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Land on Fire: The New Reality of Wildfire in the West by Gary Ferguson

Wildfire season is burning longer and hotter, affecting more and more people, especially in the west. Land on Fire explores the fascinating science behind this phenomenon and the ongoing research to find a solution. This gripping narrative details how years of fire suppression and chronic drought have combined to make the situation so dire. Award-winning nature writer Gary Ferguson brings to life the extraordinary efforts of those responsible for fighting wildfires, and deftly explains how nature reacts in the aftermath of flames. Dramatic photographs reveal the terror and beauty of fire, as well as the staggering effect it has on the landscape.

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L.A. Mexicano: Recipes, People & Places by Bill Esparza

Richly photographed and deeply authentic, L.A. Mexicano showcases the diverse, complex and delicious Mexican-food culture in America's capital of great Mexican food. It includes home-tested recipes; inspiring profiles of chefs, bakers, restaurateurs and vendors; and neighborhood guides. Part cookbook, part food journalism and part love song to Los Angeles, it's the definitive resource for home cooks, lovers of Mexican food and culture and hungry Angelenos and visitors. With a foreword by Taco USA's Gustavo Arellano and more than 100 photos by Staci Valentine.

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The First Tour de France: Sixty Cyclists and Nineteen Days of Daring on the Road to Paris by Peter Cossins

The first Tour De France was a far cry from the polished international sporting event we see on television today. Organized by the financially free falling L'Auto magazine, the desperate editors thought that organizing a grand cycling tour was the only thing that could save their publication. But in 1903, cyclists weren't enthusiastic about what was pitched to them as a heroic race through roads more suited to hooves than wheels, with bikes weighing up to forty-four pounds, on a single fixed gear, for three full weeks. Assembling enough riders for the race meant bribing unemployed laborers from the suburbs of Paris, including a butcher, a blacksmith, a chimney sweep, and a wrestler. There was no indication that a ramshackle cycling pack would draw crowds to throng France's rutted roads and cheer the first Tour heroes. But they did, and cycling would never be the same again.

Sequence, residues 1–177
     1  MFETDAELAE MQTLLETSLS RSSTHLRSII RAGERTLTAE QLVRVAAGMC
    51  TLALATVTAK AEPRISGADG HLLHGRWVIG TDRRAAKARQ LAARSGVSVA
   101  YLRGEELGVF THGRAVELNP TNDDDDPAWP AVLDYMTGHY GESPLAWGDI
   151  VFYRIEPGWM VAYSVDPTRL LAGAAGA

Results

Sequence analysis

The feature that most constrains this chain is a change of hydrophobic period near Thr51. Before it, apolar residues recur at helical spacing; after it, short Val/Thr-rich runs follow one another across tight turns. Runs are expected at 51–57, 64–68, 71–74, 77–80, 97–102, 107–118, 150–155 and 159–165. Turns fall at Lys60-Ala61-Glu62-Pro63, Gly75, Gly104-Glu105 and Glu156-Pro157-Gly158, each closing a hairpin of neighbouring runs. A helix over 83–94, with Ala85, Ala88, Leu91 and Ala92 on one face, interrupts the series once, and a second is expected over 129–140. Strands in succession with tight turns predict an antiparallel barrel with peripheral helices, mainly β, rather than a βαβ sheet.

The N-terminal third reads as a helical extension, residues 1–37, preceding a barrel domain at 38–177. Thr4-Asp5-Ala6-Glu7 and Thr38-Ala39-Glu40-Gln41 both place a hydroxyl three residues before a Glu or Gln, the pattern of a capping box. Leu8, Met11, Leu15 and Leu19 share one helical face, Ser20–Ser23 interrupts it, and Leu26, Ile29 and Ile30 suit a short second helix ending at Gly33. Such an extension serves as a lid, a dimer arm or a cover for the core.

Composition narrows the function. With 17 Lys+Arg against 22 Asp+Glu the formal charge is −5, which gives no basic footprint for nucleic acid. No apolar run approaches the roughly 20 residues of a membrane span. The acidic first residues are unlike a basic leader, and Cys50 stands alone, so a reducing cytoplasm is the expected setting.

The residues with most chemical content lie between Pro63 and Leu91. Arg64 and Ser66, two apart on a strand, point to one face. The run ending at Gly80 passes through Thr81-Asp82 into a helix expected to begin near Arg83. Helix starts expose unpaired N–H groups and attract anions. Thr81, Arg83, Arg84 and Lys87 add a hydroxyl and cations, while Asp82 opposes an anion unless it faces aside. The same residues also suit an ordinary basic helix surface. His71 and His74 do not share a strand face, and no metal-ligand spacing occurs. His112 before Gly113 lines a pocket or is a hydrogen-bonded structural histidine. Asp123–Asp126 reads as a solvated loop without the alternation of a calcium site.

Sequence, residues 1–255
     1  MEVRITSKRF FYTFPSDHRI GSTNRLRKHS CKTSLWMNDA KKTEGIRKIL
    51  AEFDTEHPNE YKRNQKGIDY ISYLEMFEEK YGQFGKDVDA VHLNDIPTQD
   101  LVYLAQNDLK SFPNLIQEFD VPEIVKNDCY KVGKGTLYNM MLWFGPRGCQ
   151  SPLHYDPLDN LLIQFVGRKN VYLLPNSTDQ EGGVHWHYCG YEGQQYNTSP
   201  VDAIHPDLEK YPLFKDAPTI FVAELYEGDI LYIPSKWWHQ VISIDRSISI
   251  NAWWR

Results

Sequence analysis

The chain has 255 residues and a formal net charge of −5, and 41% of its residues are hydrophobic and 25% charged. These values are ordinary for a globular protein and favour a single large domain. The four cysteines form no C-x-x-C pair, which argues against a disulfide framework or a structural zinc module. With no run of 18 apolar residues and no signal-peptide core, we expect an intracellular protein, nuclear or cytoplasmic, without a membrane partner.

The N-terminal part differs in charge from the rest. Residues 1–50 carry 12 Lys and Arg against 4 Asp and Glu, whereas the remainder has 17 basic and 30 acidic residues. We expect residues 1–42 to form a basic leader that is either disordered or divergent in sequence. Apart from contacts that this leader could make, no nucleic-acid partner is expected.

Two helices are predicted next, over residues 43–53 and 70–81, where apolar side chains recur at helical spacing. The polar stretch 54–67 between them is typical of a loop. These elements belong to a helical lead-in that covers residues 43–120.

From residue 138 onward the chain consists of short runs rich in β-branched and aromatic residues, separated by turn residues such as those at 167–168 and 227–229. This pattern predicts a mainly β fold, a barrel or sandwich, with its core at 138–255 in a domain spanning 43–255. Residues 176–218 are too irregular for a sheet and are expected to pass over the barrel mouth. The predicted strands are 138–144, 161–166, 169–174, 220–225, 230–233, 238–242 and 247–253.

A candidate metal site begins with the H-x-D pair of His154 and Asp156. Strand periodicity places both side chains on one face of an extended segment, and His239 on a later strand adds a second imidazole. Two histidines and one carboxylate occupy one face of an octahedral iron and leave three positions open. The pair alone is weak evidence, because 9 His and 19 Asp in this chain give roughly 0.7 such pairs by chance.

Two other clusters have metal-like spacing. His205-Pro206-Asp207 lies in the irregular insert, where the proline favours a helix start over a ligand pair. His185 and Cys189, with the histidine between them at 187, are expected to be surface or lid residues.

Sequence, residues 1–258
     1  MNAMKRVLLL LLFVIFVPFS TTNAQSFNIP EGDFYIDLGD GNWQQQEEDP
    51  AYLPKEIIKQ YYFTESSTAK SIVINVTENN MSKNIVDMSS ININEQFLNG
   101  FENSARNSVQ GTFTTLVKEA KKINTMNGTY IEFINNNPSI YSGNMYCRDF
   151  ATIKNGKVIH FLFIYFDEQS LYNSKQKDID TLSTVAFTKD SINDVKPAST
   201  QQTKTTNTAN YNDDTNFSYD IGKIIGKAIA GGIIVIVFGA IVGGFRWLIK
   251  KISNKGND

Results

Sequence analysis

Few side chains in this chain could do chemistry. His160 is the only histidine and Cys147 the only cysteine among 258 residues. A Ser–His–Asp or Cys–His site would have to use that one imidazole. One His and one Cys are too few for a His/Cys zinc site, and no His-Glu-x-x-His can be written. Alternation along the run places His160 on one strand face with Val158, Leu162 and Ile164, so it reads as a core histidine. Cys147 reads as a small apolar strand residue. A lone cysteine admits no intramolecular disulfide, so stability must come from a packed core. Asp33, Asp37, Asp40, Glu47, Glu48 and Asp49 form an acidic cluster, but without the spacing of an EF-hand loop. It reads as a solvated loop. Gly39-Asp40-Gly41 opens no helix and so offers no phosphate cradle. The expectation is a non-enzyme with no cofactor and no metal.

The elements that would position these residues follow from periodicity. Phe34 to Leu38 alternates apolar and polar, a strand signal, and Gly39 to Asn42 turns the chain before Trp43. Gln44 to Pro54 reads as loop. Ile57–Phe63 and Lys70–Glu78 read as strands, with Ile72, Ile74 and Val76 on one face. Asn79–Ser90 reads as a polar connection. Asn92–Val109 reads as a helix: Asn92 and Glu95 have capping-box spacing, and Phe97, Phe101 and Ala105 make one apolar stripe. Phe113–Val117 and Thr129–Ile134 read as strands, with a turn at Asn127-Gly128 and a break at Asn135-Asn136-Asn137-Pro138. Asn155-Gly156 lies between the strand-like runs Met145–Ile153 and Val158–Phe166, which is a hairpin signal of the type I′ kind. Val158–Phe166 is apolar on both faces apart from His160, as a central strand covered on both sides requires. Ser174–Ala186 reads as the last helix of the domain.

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The Smear: How Shady Political Operatives and Fake News Control What You See, What You Think, and How You Vote by Sharyl Attkisson

The veteran journalist and best-selling author of Stonewalled exposes the practices of opposition research to reveal how political leaders use their influence to shape public opinion, connecting popular misconceptions to strategic smear campaigns that have influenced voters. The trick of the Smear is that it is often based on some shred of truth, but these media-driven "hit pieces" are designed to obscure the truth. Success hinges on the Smear artist’s ability to remain invisible; to make it seem as if their work is neither calculated nor scripted. It must appear to be precisely what it is not.

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In Search of the Lost Chord: 1967 and the Hippie Idea by Danny Goldberg

Danny Goldberg's new book is a subjective history of 1967, the year he graduated from high school. It is, he writes in the introduction, "an attempt at trying to remember the culture that mesmerized me, to visit the places and conversations I was not cool enough to have been a part of." It is also a refreshing and new analysis of the era; by looking at not only the political causes, but also the spiritual, musical, and psychedelic movements, Goldberg provides a unique perspective on how and why the legacy of 1967 lives on today.

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The Close Encounters Man: How One Man Made the World Believe in UFOs by Mark O'Connell

The wildly entertaining and eye-opening biography of J. Allen Hynek, the astronomer who invented the concept of "Close Encounters" with alien life, inspired Steven Spielberg’s blockbuster classic science fiction epic film, and made a nation want to believe in UFOs. Tracing Hynek’s career, from his early days debunking UFO sightings for the Air Force to his pronouncement that UFOs are real, O'Connell examines Hynek’s often-ignored work as a professional astronomer to create a complete portrait of a groundbreaking enthusiast who became an American cult icon and transformed the way we see our world and our universe.

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Shark Drunk: The Art of Catching a Large Shark from a Tiny Rubber Dinghy in a Big Ocean Through Four Seasons by Morten Andreas Stroksnes

A salty story of friendship, adventure, and the explosive life that teems beneath the ocean, for readers of Bill Bryson and such classics as The Snow Leopard. In the great depths surrounding the Lofoten islands in Norway lives the infamous Greenland shark. At twenty-six feet in length and weighing more than a ton, it is truly a beast to behold. But the shark is not just known for its size alone: its meat contains a toxin that, when consumed, has been known to make people drunk and hallucinatory. Shark Drunk is the true story of two friends, the author and the eccentric artist Hugo Aasjord, as they embark on a wild pursuit of the famed creature--from a tiny rubber boat.